Out-of-equilibrium beliefs may lead to (implausible) equilibria where brand names cannot exist. To avoid such equilibria we assume, like Bester (1998, pp. 833–834), that customers trust firms whenever conditional on this trust the respective firm has no incentive to cheat.

Assumption 3(Customer Beliefs): *Customers cannot observe the true*
*quality of a product before purchase. They believe that the true quality is the*
*announced quality unless given these beliefs it is optimal for a firm to provide*
*lower quality. Otherwise, they believe that the true quality is the minimum*
*qualityv*=0.*No names are believed always to provide minimum quality.*

Because no names have no entry cost, they always offer quality*v*
=0 for the price *p*(0) =*c*(0) under perfectly competitive conditions.
Therefore, we restrict the terms “entry” and “incumbent” to brand
names. Moreover, because no names do not behave strategically, we
do not treat them explicitly as players in the game. In contrast, potential
and actual brand names act strategically. In their decisions they take the
“competitive fringe” of no names into account, as well as the strategies
of all players.

We assume that all firms have the same discount rate*ρ >*0. The
associated discount factor is denoted by*δ*≡ 1

1+ρ ∈(0, 1). A firm’s payoff
is the sum of its discounted profits minus its entry cost, if it has entered
the market, and zero otherwise. If more than one brand name offers the
same quality*v*∈(0, 1] for the lowest price in the market, all those brand
names share the respective demand equally.

Our analysis is based on the following game with imperfect information. The set of players consists of brand names, customers, and “nature.” Brand names know the distribution of customer preferences, but cannot observe the individual types. Customers cannot observe the quality of the goods offered in the market. The cost function (1) and the rest of the model are common knowledge. In each period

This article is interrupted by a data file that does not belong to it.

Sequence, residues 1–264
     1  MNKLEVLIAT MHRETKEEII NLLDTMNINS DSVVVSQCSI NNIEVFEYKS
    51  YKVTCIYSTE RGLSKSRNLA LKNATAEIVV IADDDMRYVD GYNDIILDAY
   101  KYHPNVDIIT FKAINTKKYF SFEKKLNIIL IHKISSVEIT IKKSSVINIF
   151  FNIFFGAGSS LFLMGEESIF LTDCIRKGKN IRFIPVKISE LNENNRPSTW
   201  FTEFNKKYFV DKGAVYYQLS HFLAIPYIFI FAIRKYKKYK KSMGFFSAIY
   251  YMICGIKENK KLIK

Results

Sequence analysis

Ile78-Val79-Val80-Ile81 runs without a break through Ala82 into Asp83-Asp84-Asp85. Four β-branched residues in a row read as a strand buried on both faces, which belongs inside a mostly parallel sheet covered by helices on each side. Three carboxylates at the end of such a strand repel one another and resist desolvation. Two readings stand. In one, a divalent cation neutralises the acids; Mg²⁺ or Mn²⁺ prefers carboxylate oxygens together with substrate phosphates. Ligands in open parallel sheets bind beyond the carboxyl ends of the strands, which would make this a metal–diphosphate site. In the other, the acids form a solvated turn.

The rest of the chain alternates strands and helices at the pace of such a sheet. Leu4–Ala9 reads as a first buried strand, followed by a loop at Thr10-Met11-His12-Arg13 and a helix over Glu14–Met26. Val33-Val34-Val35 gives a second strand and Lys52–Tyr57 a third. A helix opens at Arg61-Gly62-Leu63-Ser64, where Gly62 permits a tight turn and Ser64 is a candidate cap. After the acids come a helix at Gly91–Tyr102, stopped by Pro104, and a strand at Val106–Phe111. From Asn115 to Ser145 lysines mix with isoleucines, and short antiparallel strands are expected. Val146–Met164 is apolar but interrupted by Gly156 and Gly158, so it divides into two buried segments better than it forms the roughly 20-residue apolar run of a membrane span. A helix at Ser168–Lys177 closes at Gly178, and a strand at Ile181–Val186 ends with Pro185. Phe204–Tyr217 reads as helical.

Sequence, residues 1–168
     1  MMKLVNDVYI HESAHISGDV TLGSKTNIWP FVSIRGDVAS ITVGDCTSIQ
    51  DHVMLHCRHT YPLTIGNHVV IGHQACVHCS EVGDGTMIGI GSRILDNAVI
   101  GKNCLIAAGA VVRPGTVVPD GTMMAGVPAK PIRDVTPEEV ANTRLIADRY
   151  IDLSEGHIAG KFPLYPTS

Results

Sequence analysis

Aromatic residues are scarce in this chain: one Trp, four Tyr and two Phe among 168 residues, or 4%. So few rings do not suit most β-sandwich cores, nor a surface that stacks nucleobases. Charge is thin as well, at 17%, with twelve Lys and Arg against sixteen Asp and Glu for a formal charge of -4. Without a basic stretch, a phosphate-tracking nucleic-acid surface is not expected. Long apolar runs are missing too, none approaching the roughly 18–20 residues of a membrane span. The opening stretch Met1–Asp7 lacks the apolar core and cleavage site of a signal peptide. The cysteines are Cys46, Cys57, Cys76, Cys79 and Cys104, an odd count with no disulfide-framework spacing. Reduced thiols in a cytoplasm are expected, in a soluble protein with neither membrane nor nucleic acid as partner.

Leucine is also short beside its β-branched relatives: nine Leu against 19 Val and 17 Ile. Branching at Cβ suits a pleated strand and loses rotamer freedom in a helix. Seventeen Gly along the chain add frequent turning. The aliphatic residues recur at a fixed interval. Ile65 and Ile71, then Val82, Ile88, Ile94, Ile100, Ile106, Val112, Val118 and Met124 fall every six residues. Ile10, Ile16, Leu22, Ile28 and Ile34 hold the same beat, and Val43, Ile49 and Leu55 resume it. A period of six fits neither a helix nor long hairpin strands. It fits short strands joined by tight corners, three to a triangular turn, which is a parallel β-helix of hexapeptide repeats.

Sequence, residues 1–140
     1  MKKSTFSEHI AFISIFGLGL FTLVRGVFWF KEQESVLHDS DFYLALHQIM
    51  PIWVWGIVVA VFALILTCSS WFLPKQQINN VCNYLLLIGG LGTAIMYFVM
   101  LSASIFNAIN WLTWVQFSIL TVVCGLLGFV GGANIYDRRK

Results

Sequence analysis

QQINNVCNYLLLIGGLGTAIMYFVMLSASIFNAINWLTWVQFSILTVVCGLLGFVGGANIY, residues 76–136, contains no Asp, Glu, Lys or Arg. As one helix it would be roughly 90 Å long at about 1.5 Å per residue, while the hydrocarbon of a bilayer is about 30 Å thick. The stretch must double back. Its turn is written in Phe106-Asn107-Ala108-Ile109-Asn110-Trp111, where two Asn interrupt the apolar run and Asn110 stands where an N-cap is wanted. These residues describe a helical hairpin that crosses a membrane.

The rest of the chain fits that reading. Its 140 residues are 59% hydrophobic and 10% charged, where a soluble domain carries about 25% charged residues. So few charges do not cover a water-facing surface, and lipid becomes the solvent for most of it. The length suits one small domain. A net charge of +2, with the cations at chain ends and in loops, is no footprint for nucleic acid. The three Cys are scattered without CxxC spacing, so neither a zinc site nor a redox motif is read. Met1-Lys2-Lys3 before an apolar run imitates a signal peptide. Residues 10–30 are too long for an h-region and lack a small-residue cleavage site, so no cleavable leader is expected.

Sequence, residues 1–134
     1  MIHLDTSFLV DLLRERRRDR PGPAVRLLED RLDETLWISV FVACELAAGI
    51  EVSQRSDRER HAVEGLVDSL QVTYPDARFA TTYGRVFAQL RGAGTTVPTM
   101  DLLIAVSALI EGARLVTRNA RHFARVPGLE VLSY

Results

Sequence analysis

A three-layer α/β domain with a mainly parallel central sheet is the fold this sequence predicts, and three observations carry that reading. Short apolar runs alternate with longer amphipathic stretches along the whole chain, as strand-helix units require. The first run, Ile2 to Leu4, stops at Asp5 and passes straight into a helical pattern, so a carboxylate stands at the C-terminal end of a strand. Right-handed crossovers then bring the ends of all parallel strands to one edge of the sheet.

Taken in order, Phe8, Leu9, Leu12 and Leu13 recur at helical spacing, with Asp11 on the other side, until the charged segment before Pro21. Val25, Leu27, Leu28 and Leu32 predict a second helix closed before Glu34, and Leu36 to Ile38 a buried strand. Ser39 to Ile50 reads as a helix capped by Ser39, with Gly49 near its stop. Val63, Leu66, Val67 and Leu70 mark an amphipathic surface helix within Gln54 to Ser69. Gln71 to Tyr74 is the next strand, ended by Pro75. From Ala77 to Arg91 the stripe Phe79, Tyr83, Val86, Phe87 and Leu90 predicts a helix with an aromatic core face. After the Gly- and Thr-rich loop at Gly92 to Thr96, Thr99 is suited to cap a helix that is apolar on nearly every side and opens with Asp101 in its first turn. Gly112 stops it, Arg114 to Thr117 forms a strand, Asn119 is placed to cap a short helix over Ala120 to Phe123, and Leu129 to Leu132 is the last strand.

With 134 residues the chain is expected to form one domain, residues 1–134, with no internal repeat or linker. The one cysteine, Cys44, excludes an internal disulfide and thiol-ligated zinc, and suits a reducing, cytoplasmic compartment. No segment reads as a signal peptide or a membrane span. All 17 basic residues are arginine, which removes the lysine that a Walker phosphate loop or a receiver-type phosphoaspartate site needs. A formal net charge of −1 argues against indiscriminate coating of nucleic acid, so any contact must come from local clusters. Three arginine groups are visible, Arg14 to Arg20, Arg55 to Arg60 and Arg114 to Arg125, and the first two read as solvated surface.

*t*∈*{1, 2, . . .}, the game proceeds in four phases. In the first phase, at*

the beginning of the period, brand names decide simultaneously about
entry and exit. That is, brand names that are not (or not any more) in the
market decide whether to enter, and brand names that are in the market
decide whether to exit. In the second phase, still at the beginning of
the period, all brand names in the market observe the moves made
in the first phase and choose simultaneously*announced*quality,*actual*

Because we are not interested in collusion among firms, we want
to rule out folk theorem type results. In standard models this can
be done by considering only those equilibria of the dynamic game
that consist of playing a particular equilibrium of the stage game in
every period. In our model the situation is somewhat different because
the only reason why firms do not cheat are their future rents, and
therefore the game that incumbent firms play in each period is not
the relevant “stage game.” In any one-period “stage game” (as well as
in any finite version of the dynamic game) incumbents would always
cheat, and because customers would anticipate this and thus not buy
the respective product, no brand name would enter the market and
no positive quality would be available in equilibrium. In our model,
the analog of an equilibrium (in pure strategies) of the dynamic game
that consists of playing an equilibrium of the stage game in every
period, is what we call an *equilibrium in stationary strategies* or, for
short, a *stationary equilibrium.*We define a brand name’s strategy to
be *stationary,*if it satisfies the following two conditions: (i) the firm
either enters the market in the first period *t* = 1 or not at all; (ii)
if the firm had entered, its announced quality, actual quality, and
price are constant in time and independent of the history of actions.
Accordingly, an equilibrium(in pure strategies) is*stationary*, if all brand
names’ equilibrium strategies are stationary. The requirement that all
brand names’ equilibrium strategies are independent of the history of
actions makes collusion unattainable. Throughout the paper we focus
on stationary equilibria in pure strategies.

### 4.

### Incentive Compatibility Constraints in a

### Stationary Equilibrium

In this section, we derive the incentive compatibility constraint for a
firm to provide a given quality ¯*v*∈(0, 1] in a stationary equilibrium.
Consider a putative stationary equilibrium, where in some period*t*a
firm offers a product of some announced and actual quality ¯*v*∈(0, 1]
for some price ¯*p*, sells ¯*x* units in this period, and considers to do the
same in every future period. An alternative—deviating—strategy is to
cheat and provide in that period*t*only minimum quality, which implies
involuntary exit immediately after period *t*.14 The firm’s incentive

constraint to actually provide quality ¯*v*is
*δ*

1−*δ*[ ¯*p*−*c*( ¯*v*)] ¯*x* ≥ *δ{*[ ¯*p*−*c*(0)] ¯*x*},

where the left hand side is the payoff∞_{τ=}_{1}*δτ*[ ¯*p*−*c*( ¯*v*)] ¯*x* from always
producing quality ¯*v*and the right hand side is the payoff from producing
quality*v*=0 followed by market exit.15_{This gives} 1

*ρ*[ ¯*p*−*c*( ¯*v*)] ¯*x* ≥*γv*¯*x*¯
or, after re-arranging,

¯

*p*≥*c*( ¯*v*)+*ργv*¯. (2)